Published May 22, 2012 - 10:25am
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Last week’s announcement of a SEC-Big 12 postseason matchup starting in 2014 appears to be another step towards a full-scale college football playoff. With the Big Ten and Pac-12 already committed to the Rose Bowl, the new SEC-Big 12 game (at a yet-to-be-determined site) essentially creates de facto national semifinals. All that remains is a “plus-one” championship game.
This suggests a playoff will be the end-result of not just the ongoing realignment of college football conferences, but a contraction of the sport into four conferences. The Big East, ACC, and the miscellaneous conferences continue to fall behind and there’s no reason to believe they will ever catch up. With the end of the “automatic qualifier” status after 2014, the Big East and ACC will cease to be relevant to college football’s postseason. The only remaining question is how and when will a formal split occur.
The SEC, Big 12, Big Ten and Pac-12 can form their own postseason structure without regard to the other conferences. Remember, the BCS is already a distinct entity from the NCAA, which has no direct control over the postseason. There are some NCAA rules that have to be addressed—notably the limit of one postseason game per school and rules governing conference championship games—but when push comes to shove, the NCAA needs the football powers to survive, not the other way around. If necessary, the four major conferences could break away from the NCAA’s football jurisdiction altogether, though that’s premature.
By 2014, we may see a three-tier Division I, with the four-conference playoff at the top, the remaining FBS schools stuck in the remnants of the bowl system, and the lower-tier FCS continuing as-is. The center will not hold. The competitive Big East and ACC schools will find new homes in the major conferences while the rest drop down to FCS. The bowl system as we know it may have less than 10 years left, as these games will continue to become more unprofitable for the schools that are still available to play in them.
Of course, once we get to a top-tier playoff, there will inevitably be pressure to expand, particularly from coaches eager to preserve their jobs. Four teams will become eight and eventually 16. Keep in mind, the FCS playoff is scheduled to expand from 20 to 24 teams in 2013. Every playoff system ever devised for sports eventually expands.
The classic argument against the playoff is that it somehow devalues the regular season. That’s not exactly true. A playoff neither enhances nor detracts from the regular season. What dilutes the regular season is expansion, either of the schedule or the leagues themselves. The more teams you add, the more spread out the talent pool, and the more games you add, the less each individual game affects the season.
College football fans should be less concerned about the impact of a seemingly inevitable playoff and more vigilant about league and regular-season expansion. The SEC is already experiencing scheduling pains as it assimilates Missouri and Texas A&M. Traditional cross-division rivalries may fall by the wayside. There’s already been calls to add a ninth conference game over the coaches’ objections. And while there’s been no hint of expanding the overall season past 12 games, it may become an option if the bowl system collapses and middle-of-the-road schools want to make up that 13th game.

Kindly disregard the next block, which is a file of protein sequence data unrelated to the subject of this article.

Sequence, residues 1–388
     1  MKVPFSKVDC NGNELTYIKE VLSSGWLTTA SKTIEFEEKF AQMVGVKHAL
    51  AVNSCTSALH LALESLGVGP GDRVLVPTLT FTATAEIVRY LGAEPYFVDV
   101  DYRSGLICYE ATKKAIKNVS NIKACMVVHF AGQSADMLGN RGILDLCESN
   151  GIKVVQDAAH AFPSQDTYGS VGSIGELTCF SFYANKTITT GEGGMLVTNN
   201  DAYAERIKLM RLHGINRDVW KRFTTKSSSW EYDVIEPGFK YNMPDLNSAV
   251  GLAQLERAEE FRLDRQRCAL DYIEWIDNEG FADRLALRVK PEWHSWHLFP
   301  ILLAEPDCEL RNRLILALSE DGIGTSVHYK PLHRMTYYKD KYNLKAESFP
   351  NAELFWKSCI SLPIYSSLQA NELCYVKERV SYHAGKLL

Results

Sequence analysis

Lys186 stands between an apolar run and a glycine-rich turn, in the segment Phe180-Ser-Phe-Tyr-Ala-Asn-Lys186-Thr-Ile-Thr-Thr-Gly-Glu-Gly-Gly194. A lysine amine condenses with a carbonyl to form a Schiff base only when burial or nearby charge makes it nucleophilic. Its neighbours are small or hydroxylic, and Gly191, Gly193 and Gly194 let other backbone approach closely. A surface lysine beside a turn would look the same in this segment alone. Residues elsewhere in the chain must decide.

Along those same lines, if the ACC and Big East do collapse as football conferences, the SEC will be strongly tempted to expand to 16 teams—if for no other reason then to keep useful schools like Florida State or Virginia Tech away from the Big Ten or Big 12. Yet adding more teams only further dilutes the conference schedule and increases the likelihood of schedule expansion, including a potential in-conference playoff.
Many SEC fans won’t see a problem with any of this. After all, how can more football ever be a bad thing? But we’ve all seen the impact of schedule dilution on college basketball. Fans are conditioned to ignore the regular season altogether and focus exclusively on a three-week, made-for-office-gambling event. Diehard college football fans should not want to replicate that environment.
The problem is that the playoff has always been the answer to an uncertain question. The media demands a playoff simply because every other North American sport has one. Peer pressure generally isn’t a sound reason to do something. And consider that other sports leagues, notably the English Premier League, do quite well determining a champion through a round-robin season and no playoff. It’s media conditioning that has led to unnecessary angst about the lack of a college football playoff.
Thankfully, the college football powers have resisted jumping into a playoff for a playoff’s sake. The SEC-Big 12 alliance indicates the immediate objective is to wrest control of the postseason away from the bowls. That in and of itself is a good thing. As the recent Fiesta Bowl scandal demonstrated, the bowls are little more than tax-exempt slush funds for local organizing committees that generate little tangible value for the football teams that provide their programming. In an era of digital mass distribution, the New Year’s bowls are a relic that should be consigned to the dustbin of history.
To reiterate, if and when a playoff comes, it will be the outcome of realignment as opposed to a reactionary move to end media criticism. What remains to be seen is the other side effects of this realignment, including changes to the regular season. The important thing is not to sacrifice the core appeal of college football—especially SEC football—in order to chase after “casual” fans or media critics who simply want a homogenized sports product.